Whatcom Transportation Authority Tax Addition (April 2010)

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There was a Whatcom Transportation Authority Tax Addition measure on the April 27 ballot in Whatcom County.

This measure sought to increase the sales taxes collected by the WTA by a further .2 percent which would begin in October of 2010. The purpose of this additional tax would be to help further fund, maintain and improve the public transportation system within the county.[1]

This measure was defeated

WTA Prop 1 Sales Tax
Result Votes Percentage
Defeatedd No 26,521 50.9%
Yes 25,583 49.1%
Total votes 52,104 100.00%
Voter turnout 45.59%

[2]


WTA noted that if this measure was not approved, Sunday service hours would likely be cut entirely. Although Sunday riders account for only 4 percent of the total amount of service received by the WTA, it will still be an issue for those that depended on the services. Officials saw it as the easiest way to cut costs without effecting a large amount of riders. Further cuts would be made to Saturday and weekday services, totaling 10 percent of the services offered by the WTA.[3]

Lawsuit issues

A lawsuit had been filed by the People for Progressive Transportation which states that the ballot wording was unfair and biased and could mislead voters. The county prosecutor is the one who the suit is against because he is the one who must review the ballot language to ensure that it is fair. The WTA general manager said he did not believe the ballot would mislead voters, it is the same wording that was used in a 2002 measure used to also increase the WTA's taxes, this measure was approved.[4]

Both parties involved with the lawsuit are now working together to try and agree on new wording for the ballot measure, both are hoping the issue will not actually be taken to court where a long fight may ensue. The group who filed the claim have received donation money to campaign against the measure, but are unsure if they would be able to cover court costs so they are hopeful an agreement can be made. A group in favor of the measure, Transit Works stated that the lawsuit was frivolous and just another way for anti tax supporters to gain a voice.[5]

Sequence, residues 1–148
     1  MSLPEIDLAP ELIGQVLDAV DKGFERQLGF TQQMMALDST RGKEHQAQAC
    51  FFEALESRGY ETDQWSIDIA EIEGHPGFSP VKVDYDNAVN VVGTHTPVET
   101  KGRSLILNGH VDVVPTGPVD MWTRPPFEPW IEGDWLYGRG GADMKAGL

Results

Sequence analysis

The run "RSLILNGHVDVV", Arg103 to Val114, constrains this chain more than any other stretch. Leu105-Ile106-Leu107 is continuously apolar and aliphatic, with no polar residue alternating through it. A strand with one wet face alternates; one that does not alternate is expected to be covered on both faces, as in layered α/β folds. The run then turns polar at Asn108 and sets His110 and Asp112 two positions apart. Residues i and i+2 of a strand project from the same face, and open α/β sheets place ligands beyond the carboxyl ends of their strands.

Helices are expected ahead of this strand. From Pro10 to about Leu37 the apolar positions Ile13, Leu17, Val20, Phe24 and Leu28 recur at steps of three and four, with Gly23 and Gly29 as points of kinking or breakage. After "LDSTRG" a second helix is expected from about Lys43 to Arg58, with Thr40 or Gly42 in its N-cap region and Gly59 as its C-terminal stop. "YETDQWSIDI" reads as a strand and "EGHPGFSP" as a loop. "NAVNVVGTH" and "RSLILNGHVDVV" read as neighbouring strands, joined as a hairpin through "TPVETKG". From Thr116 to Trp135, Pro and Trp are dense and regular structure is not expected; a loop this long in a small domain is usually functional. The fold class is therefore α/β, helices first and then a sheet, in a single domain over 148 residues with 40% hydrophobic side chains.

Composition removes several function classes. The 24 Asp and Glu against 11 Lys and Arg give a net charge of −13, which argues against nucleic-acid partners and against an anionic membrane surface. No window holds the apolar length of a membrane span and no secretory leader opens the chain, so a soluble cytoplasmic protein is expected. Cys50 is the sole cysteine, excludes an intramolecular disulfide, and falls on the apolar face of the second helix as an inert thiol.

The lawsuit has been thrown out on grounds that the group failed to file their appeal against the measure before the stated deadline. Any group can appeal a ballot's language within 10 days of the measure being filed, this measure was files December 28 2009 and the appeal was filed February 10, 2010. The prosecutor's office had to approve the ballot language and they believe that the wording is fair and gives voters a clear picture of what the issue is about.[6]

Opponents

The Lynden City Council voted unanimously Tuesday February 16 to oppose this measure by passing a resolution. The city council stated that they believed the WTA should rather tighten their budget and not put more pressure on taxpayers.[7] The city council also urged residents to vote down this measure in April, saying that taxpayers want relief from higher taxes, not increases.[8] Opponents have raised around $6,600 for their campaign against this measure with most of the money coming from the campaign organizer and his wife.[9]

Support

The Bellingham city council unanimously voted to support this measure.[8] Proponents of this measure have managed to raise around $45,300 for their campaign, most of which is from employees of the agency or those who have business with the WTA..[9] The amount of money raised for this measure has gone up to $51,000 for their campaign. Transit Works is the main group heading the campaign for the passage of this measure, 80 percent of contributions have come from their staff workers. Outside contributions have risen from 29 people to 51 as of April 13. Transit Works though noted that many more have contributed, but due to their small amounts they were not listed.[10]

Text of Measure

The text of the measure reads as follows:

Shall public transportation services in Whatcom County be maintained and improved

by authorizing the Whatcom Transportation Authority to impose an additional twotenths

of one percent (0.2%) sales and use tax effective October 1, 2010?[11]

See also

References